It seems kind of odd that in 2006 I would still get these questions, but twice in the past week have I had to explain the truth about Power Users to someone. Typically they are organizations who are trying to limit the rights of their users, who right now run as admins. Unfortunately, they are under the mistaken impression that making those users Power Users will help.
Power Users are simply Administrators who have not made themselves Administrators yet. There are access control lists, privileges, and other settings all over the OS that allow them to do so. Making someone a power users only makes it marginally more difficult to shoot yourself in the foot. It does not actually limit their privileges, nor does it protect them from malware, which can typically run just fine with Power User privilege.
Two related issues usually come up at about this point in the conversation. The first one is that some application requires at least Power User privilege. If that application is not an inherently administrative one it is broken. Period. Return it for a refund or a fixed version.
The second issue that comes up is that the organizaton is going to modify the permissiosn of Power Users so they are less privileged. If that is what you users need then why not make them users in the first place? It is really unlikely that you will be able to cripple Power Users sufficiently and if you do they become users, which is what you should have used in the first place. Some people try to cripple Power Users even though nobody should be in that group. Why? If nobody is in the group what difference does it make what privileges it has? Usually I then get the standard argument that "if someone is able to add themselves to the group..." Only Administrators could do that. If a user can do that they would not make themselves Power Users. That is a completely flawed argument. Besides, most people who try to cripple Power Users run afoul of KB 885409 and end up with a destabilized and unsupported system in the process.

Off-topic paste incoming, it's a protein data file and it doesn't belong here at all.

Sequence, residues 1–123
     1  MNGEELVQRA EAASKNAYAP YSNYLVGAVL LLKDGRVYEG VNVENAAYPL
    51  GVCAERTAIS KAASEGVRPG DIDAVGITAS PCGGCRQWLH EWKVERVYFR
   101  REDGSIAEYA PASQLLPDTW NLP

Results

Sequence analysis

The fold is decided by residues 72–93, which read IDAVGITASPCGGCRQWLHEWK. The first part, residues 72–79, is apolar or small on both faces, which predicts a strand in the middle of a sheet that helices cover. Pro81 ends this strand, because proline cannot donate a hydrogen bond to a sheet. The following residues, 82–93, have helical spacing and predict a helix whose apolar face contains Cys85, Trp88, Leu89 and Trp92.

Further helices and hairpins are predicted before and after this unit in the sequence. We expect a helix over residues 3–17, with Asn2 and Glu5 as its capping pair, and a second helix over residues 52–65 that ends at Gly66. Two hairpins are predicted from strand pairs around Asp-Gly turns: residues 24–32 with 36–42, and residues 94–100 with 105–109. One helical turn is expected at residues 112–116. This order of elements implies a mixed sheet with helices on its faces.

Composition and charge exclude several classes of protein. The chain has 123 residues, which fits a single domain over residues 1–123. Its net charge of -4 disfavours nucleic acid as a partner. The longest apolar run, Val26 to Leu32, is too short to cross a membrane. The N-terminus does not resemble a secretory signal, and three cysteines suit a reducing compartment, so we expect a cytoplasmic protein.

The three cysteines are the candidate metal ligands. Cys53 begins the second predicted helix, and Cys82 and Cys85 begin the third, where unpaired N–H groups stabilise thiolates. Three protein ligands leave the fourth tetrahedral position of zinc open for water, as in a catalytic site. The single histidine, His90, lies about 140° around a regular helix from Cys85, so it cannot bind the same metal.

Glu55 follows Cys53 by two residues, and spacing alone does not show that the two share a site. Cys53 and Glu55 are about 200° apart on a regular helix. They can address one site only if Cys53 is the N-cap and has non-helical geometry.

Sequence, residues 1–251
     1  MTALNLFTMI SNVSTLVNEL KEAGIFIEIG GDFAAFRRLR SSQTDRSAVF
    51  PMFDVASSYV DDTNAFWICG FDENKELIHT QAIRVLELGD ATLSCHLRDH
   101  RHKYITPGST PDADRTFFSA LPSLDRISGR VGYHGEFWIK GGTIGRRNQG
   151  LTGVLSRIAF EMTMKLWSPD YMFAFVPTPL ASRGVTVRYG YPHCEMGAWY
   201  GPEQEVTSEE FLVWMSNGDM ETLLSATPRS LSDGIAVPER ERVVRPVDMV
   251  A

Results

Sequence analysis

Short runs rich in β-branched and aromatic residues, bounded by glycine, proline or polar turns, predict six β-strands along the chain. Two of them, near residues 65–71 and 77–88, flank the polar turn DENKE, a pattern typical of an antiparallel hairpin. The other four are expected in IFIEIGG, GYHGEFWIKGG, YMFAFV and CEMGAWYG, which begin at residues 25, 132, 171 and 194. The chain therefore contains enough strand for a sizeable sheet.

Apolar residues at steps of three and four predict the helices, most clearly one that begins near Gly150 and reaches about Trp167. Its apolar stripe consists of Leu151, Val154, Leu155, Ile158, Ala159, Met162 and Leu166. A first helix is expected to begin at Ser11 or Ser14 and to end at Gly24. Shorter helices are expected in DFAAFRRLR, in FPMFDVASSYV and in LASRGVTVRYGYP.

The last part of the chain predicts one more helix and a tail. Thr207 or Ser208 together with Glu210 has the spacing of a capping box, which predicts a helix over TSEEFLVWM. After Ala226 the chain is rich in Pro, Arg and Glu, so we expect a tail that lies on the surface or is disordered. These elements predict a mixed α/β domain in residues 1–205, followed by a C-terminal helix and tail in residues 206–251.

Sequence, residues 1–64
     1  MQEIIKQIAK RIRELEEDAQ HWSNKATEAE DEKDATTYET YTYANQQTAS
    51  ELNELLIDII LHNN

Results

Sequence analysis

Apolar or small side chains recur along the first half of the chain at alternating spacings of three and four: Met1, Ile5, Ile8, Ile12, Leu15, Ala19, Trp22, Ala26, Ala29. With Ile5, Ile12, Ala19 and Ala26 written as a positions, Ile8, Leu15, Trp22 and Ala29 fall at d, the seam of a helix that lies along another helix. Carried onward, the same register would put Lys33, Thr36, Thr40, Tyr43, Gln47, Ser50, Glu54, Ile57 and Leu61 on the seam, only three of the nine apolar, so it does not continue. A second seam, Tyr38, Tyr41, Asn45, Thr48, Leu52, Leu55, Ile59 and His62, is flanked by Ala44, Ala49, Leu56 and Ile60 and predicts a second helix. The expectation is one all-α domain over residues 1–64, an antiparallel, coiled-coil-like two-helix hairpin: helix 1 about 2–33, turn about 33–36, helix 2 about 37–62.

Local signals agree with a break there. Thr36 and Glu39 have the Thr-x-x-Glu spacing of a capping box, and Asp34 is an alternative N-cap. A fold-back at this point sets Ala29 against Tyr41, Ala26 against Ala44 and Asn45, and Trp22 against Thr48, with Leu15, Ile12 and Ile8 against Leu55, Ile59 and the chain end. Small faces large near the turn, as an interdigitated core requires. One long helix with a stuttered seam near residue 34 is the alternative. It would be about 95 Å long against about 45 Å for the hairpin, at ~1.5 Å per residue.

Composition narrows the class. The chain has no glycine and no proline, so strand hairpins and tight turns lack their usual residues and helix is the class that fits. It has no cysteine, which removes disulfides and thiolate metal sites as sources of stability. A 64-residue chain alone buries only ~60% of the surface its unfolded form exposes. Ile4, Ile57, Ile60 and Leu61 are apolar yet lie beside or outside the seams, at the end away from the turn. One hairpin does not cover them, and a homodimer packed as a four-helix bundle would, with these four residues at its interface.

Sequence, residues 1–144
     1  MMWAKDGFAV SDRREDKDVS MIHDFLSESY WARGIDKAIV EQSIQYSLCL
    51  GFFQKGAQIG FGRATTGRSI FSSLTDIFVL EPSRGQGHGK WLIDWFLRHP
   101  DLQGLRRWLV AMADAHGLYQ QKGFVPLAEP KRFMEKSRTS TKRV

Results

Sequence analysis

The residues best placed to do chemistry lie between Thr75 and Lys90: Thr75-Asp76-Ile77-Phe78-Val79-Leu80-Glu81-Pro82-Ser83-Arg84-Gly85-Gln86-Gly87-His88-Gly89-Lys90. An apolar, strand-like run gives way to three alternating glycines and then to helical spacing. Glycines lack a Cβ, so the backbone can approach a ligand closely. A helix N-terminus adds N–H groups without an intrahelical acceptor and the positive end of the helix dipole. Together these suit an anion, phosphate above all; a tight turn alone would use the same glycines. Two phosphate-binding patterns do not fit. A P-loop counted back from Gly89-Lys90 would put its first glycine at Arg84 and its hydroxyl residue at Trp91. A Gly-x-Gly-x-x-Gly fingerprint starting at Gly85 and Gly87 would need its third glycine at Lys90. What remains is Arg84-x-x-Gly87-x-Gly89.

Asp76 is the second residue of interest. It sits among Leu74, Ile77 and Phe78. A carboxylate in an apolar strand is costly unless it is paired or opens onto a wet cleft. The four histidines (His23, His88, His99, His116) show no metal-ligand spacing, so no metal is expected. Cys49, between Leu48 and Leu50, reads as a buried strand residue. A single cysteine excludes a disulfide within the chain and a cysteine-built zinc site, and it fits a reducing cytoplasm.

In general, I prefer making people Administrators over Power Users. That way it is obvious that they have extremely elevated rights and a glaring problem is more likely to get fixed than one that is papered over.